United States District Court, Eastern District of Pennsylvania
Fourteen years after his convictions for murder and two rapes, and seven years after his petition for habeas relief under 28 U.S.C. § 2254 was denied on the merits, petitioner Gerald Bennett has filed a motion under Federal Rule of Civil Procedure 60(b)(6). To overcome the bar against “second or successive” habeas petitions, he relies upon Martinez v. Ryan, 132 S.Ct. 1309 (2012), contending that it permits him to reopen his criminal case. In his motion, he reiterates his ineffectiveness of counsel claims.
In the introduction to his Rule 60(b) motion, Bennett clearly states that he is challenging “the procedural ruling in the prior habeas case.” He claims he is not “seeking relief from a previous denial of a claim.” He further writes, “in no way, is petitioner attacking his underlying conviction or a merits determination made concerning a previous habeas petition.” In his words, he seeks a “reopening of his habeas judgment and is seeking relief based on the change in procedural law that the Supreme Court held in the case of Martinez v. Ryan . . .”
His Rule 60(b)(6) motion is actually a reiteration of his prior habeas petition. He does not assert grounds justifying relief under Martinez. Therefore, we shall deny the motion.
Martinez applies only to cases where the habeas petitioner seeks to excuse procedural default of new claims, that is, where the default was allegedly caused by counsel’s ineffectiveness. Martinez, 132 S.Ct. At 1316. It does not open the door to relitigate claims that were rejected on the merits.
Procedural default bars a federal court from reviewing federal claims on the merits which the state court declined to address because the petitioner had not satisfied a state procedural requirement. Coleman v. Thompson, 501 U.S. 722, 729-30 (1991). It applies when the state court did not consider the petitioner’s federal claims because the petitioner had failed to comply with a state procedural rule. Id. at 750. However, a federal court can review defaulted claims upon a showing of cause for the default and prejudice as a result of a violation of federal law, . Id.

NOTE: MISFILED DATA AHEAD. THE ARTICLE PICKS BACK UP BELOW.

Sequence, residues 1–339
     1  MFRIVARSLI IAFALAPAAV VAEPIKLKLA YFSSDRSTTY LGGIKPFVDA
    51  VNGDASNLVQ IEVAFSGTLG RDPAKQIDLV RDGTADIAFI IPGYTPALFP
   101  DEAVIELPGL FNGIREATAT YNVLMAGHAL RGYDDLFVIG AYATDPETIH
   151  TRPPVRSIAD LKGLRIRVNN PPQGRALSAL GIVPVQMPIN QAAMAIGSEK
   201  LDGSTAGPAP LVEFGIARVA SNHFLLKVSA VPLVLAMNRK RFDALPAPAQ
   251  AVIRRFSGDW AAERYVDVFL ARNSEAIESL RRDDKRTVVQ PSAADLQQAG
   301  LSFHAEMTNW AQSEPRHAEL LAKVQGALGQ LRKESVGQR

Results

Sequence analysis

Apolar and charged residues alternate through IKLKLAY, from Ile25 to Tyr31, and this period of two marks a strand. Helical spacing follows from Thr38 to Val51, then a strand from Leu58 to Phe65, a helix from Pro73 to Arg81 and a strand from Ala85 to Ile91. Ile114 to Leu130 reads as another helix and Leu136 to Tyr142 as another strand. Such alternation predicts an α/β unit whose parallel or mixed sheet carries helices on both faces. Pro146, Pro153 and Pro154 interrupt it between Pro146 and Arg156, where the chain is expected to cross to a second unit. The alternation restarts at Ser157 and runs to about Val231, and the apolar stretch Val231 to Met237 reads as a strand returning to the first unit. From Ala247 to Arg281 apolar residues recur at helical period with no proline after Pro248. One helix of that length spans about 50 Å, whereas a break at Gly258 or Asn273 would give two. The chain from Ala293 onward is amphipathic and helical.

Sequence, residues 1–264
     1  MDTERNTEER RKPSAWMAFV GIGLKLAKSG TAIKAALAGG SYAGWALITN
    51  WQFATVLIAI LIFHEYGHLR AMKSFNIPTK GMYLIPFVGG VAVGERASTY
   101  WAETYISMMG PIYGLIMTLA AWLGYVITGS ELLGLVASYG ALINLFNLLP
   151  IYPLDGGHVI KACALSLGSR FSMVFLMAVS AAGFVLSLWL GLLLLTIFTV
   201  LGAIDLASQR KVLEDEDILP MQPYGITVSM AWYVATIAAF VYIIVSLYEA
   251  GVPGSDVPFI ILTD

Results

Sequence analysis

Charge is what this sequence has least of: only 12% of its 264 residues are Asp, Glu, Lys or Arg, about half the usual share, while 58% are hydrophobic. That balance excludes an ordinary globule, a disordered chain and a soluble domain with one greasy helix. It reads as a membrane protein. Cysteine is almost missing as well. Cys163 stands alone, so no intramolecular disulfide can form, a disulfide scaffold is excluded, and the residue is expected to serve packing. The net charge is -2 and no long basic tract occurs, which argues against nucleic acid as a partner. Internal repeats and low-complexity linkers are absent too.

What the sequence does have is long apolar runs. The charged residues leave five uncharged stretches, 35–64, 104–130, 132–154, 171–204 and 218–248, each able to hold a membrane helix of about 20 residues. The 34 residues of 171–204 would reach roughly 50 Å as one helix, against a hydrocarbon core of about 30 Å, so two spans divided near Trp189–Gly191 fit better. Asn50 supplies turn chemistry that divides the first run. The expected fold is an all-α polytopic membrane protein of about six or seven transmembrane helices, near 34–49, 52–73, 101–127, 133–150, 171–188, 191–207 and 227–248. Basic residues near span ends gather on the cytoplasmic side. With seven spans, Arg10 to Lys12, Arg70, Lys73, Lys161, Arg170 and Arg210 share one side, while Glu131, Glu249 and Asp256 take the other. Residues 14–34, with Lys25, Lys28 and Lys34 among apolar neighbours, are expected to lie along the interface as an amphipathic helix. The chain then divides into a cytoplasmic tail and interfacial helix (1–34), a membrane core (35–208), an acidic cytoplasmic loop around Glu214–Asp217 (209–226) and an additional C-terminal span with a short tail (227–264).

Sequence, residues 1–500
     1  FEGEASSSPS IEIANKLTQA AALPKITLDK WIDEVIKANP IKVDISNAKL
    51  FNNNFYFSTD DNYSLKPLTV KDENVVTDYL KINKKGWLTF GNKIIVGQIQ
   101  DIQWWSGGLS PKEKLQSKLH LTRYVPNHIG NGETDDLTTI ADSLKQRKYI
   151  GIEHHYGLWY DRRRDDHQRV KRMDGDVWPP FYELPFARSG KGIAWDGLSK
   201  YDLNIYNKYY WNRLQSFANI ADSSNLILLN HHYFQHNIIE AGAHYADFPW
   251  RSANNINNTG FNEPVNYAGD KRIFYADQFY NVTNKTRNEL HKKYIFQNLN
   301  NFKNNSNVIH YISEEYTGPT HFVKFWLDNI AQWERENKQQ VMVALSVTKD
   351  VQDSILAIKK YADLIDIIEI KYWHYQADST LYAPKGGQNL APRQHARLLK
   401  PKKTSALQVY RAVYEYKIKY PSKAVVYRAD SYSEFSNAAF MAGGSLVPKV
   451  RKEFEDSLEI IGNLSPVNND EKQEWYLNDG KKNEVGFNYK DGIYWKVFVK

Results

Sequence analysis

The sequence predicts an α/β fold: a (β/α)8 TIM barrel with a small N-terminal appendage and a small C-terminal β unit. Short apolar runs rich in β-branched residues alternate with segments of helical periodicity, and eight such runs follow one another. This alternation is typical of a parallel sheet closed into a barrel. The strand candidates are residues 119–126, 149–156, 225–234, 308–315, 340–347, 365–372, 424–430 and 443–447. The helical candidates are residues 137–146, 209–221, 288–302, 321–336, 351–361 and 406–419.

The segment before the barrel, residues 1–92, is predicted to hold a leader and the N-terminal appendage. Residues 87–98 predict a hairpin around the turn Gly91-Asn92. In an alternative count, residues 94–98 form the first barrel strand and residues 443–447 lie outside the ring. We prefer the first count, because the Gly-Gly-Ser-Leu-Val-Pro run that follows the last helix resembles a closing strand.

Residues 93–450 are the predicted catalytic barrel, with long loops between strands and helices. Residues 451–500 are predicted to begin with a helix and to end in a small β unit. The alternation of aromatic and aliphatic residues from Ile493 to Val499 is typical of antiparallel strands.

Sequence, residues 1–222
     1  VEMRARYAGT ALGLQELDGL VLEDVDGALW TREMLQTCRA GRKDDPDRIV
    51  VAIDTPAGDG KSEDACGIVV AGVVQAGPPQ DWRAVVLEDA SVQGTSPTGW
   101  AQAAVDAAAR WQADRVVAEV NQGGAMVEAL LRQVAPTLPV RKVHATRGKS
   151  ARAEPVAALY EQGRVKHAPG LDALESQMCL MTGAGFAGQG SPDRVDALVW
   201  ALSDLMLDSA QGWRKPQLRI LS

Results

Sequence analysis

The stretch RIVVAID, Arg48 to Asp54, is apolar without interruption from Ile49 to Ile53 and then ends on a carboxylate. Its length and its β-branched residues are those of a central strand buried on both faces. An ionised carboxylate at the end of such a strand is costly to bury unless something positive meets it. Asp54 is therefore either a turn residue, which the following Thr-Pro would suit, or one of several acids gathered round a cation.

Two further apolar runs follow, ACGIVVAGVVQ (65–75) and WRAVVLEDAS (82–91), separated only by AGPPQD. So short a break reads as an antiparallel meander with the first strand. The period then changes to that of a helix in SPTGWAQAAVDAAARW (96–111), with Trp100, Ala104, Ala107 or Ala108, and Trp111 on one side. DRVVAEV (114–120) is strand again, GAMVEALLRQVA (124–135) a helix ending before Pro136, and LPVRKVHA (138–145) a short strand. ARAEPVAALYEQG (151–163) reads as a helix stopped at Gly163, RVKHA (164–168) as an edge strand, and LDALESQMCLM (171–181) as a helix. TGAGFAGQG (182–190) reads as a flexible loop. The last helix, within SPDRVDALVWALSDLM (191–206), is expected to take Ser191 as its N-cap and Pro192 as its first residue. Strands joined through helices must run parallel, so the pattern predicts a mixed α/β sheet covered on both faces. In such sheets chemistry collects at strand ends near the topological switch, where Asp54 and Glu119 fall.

In Coleman, the Supreme Court held that post-conviction counsel’s negligence does not establish cause excusing default. Coleman, 501 U.S. at 753-54. Coleman made clear that an attorney’s ineffectiveness can constitute cause “only if it is an independent constitutional violation.” Id. at 754.
In Martinez, the Supreme Court announced a “narrow exception” to the Coleman rule. Martinez, 132 S.Ct. at 1315. It held that “[w]here, under state law, claims of ineffective assistance of trial counsel must be raised in an initial-review collateral proceeding, a procedural default will not bar a federal habeas court from hearing a substantial claim of ineffective assistance at trial if, in the initial-review collateral proceeding, there was no counsel or counsel in that proceeding was ineffective.” Id. at 1320.
Here, Bennett makes no such argument. He is not seeking to pursue claims that were procedurally defaulted. Nor does he present claims that have not already been considered on the merits. Instead, he reiterates claims that have already been litigated. His claims of trial counsel’s ineffectiveness were raised and rejected on appeal in the Pennsylvania courts. The claims he now asserts were presented in his earlier § 2254 motion. They too were rejected. His petition to the Third Circuit Court of Appeals for permission to file a second or successive § 2254 motion was denied.
Bennett’s petition is, in essence, a disguised motion for reconsideration of the ruling dismissing his § 2254 habeas petition on ...